In step 306, the controller 28 determines whether the engine 10 is operating in a four cylinder mode. If it is, control continues with step 308 where the controller 28 determines whether a 180° cylinder firing event has occurred. If not, control returns in step 310. Otherwise, the controller 28 retrieves the appropriate TPS and MAP values from the history vector and sets parameters for the half cylinder mode in step 312.

In step 314, the controller 28 determines whether the deac_loop_ctr is less than 1. If it is, the controller 28 continues with step 318 where the controller calculates the following:

deac_loop_cntr = deac_loop_cntr +2/BL
Mass_Air_1_Back = MACk−2 + deac_loop_cntr*MACk−3
Mass_Air_0_Back = MACk + deac_loop_cntr*MACk−1

Where a variable BL is equal to 8 for an 8 cylinder engine. The calculation in step 318 is a simplified approximation of step 270 in FIG. 5C. In step 322, the controller 28 performs the Dynamic Air calculations and returns. If the deac_loop_ctr is not less than 1, the controller 28 calculates the following in step 326:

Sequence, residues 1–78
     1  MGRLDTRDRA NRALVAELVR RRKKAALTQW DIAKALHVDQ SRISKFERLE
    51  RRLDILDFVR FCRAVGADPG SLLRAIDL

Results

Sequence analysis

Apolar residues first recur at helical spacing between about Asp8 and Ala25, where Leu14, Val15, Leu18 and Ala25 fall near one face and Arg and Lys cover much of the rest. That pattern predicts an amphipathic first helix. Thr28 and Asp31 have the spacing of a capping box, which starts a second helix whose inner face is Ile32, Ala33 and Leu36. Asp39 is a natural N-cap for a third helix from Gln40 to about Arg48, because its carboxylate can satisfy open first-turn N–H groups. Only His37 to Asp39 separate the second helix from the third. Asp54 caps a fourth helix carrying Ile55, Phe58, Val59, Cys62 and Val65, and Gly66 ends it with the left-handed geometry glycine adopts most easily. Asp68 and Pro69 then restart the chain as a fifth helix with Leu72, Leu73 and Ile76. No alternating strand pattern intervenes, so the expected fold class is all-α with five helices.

Mass_Air_1_Back = MACk−2+ MACk−3
Mass_Air_0_Back = MACk + MACk−1
deac_loop_cntr =1

Control continues from step 326 to step 322.

If the controller 28 determines that the engine 10 is not operating in the half cylinder mode in step 306, control continues with step 330. In step 330, the controller 28 retrieves the appropriate TPS and MAP values from the history vector and sets parameters for the full cylinder mode. Control continues from step 330 to step 334.

In step 334, the controller 28 determines whether the deac_loop_ctr is greater than 0. If it is, the controller 28 continues with step 338 where the controller calculates the following:

deac_loop_cntr = deac_loop_cntr − 1/BL
Mass_Air_1_Back = MACk−1 + deac_loop_cntr*MACk−2
Mass_Air_0_Back = MACk + deac_loop_cntr*MACk−1